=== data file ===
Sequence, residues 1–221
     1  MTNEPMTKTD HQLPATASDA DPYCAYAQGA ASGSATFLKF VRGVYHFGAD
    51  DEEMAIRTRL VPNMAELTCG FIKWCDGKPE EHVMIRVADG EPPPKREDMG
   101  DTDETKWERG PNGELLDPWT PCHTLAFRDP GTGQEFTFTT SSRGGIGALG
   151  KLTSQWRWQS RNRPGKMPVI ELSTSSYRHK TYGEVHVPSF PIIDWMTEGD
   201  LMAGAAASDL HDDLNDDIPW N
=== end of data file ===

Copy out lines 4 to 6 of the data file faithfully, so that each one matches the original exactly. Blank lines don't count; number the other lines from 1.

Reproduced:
   101  DTDETKWERG PNGELLDPWT PCHTLAFRDP GTGQEFTFTT SSRGGIGALG
   151  KLTSQWRWQS RNRPGKMPVI ELSTSSYRHK TYGEVHVPSF PIIDWMTEGD
   201  LMAGAAASDL HDDLNDDIPW N